ON THIS DAY – January 2, 1898

A STRANGE CASE.

The Melbourne ‘Argus’ of last week reports a singular case of mistaken identity. Henry Hudson was brought up before Mr. Nicholson, P.M., at the District Court on a maintenance summons in respect of the child of Fanny Cooper, of whom it was alleged he was the father.

Mr. Kane described how impropriety had taken place between the parties in March, 1889, the result being the child, which was born on January 2, 1890. A fortnight later Miss Cooper called on the defendant, whom she knew, and whom she now summoned as George Carter and, after meeting with a brutal reception, caused a warrant to be issued for his arrest. It was never executed, and the man disappeared from Melbourne, nothing being seen of him until about 12 months ago, when the prosecutrix encountered him in the Exhibition gardens. They spoke, and renewed their previous intimacy. The defence, Mr. Barrett had very fairly told him, would be that the defendant was at the time serving a sentence in Sydney, and if that were so, he could not be the father of the child.

The complainant then gave evidence in accordance with the opening statement. She had no doubt whatever about the identity of the defendant. He was the father of her child. Mr. Barrett: When you gave the description to the police, did you say he had black curly hair? Witness: Yes; he’s cut it off. A New South Wales criminal album was then handed up to the witness, and she pronounced the photo to be not that of the defendant. Mr. Barrett: But if we bring witnesses who were serving sentences with him?  Witness: I don’t care; he’s the father of my child.

Mrs. Annie Heron said that in March, 1889, she remembered complainant and a young man calling at her house in Abbotsford subsequent to the birth of Miss Cooper’s child she again saw the man, and believed the defendant in court to be the same man. The police photo was then shown, and the witness unhesitatingly pronounced it to be identical with the man she saw in 1889. Mr. Barrett: That will show you how women will swear. Detective Deyerall described the arrest of the defendant. He was satisfied that he was the same man as shown on the prison photo. Defendant was here, called up to the bench by Mr. Nicholson and closely scrutinised, his appearance being compared with the descriptions in the Police Album and the Police Gazette of New South Wales, which showed his discharge from gaol.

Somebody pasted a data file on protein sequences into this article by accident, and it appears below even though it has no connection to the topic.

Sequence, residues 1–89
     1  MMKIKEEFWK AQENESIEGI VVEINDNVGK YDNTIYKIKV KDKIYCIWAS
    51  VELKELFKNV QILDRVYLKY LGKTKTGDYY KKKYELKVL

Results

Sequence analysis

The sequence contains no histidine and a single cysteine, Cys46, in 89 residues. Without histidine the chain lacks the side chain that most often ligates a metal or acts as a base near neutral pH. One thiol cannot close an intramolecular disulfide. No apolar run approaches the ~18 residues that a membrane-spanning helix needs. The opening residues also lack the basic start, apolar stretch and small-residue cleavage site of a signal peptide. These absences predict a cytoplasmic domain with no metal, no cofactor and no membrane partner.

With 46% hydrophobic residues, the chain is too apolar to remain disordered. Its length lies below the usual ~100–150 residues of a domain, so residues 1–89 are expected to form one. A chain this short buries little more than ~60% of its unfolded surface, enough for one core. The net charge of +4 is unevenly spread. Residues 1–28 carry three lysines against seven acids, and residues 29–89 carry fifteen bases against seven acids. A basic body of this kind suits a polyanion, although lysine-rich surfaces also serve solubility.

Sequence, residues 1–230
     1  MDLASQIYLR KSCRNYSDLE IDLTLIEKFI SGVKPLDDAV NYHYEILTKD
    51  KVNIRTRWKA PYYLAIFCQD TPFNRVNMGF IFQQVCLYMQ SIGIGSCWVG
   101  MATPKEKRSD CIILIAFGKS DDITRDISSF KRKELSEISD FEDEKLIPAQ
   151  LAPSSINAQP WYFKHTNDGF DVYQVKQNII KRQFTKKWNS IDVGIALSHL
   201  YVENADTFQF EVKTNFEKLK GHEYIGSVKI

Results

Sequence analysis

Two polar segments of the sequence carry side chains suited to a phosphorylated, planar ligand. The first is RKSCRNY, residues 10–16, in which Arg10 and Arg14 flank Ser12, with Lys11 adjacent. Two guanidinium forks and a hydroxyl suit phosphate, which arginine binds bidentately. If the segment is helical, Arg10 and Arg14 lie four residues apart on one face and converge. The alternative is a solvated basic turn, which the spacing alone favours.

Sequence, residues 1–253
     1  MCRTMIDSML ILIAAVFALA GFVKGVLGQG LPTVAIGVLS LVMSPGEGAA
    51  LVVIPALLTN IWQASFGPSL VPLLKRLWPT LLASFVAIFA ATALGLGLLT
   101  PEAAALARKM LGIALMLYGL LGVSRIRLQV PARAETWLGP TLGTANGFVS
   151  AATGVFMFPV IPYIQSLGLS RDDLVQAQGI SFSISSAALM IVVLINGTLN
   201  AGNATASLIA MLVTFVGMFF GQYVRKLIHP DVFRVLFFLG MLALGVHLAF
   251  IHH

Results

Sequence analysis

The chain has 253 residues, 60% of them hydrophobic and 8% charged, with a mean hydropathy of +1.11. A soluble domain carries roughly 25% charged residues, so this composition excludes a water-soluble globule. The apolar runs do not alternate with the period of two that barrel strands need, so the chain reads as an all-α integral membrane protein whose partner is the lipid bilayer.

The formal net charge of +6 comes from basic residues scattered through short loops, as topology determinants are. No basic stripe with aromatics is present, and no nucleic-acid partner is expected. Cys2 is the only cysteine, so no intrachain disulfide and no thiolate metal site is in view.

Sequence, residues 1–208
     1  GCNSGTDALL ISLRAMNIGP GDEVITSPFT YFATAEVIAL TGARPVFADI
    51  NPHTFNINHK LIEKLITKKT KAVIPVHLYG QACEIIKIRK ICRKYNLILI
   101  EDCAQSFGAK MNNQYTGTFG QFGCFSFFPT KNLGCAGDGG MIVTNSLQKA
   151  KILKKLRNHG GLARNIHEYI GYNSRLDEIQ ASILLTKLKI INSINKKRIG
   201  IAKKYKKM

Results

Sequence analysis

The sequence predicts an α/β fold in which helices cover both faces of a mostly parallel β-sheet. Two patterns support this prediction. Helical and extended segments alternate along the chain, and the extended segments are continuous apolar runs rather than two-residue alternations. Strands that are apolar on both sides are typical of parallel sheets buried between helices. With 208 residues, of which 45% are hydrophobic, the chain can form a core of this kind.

Defendant, then stated that on November 22, 1888,  Judge M’Farlane  sentenced him to four years’ penal servitude for receiving. He received a sunstroke in gaol, and as a result got a remission of sentence, being released in either March or April of 1891. He was not in Melbourne in his life until three years ago,and it was about about eight months since the complainant commenced following him about and making herself  a nuisance. He had no twin brother, and the only brother he had was very much younger.

The bench decided that further evidence was unnecessary, and dismissed the case, with £1 1s. costs. The complainant left the court still expressing her, confidence in the identity of the defendant.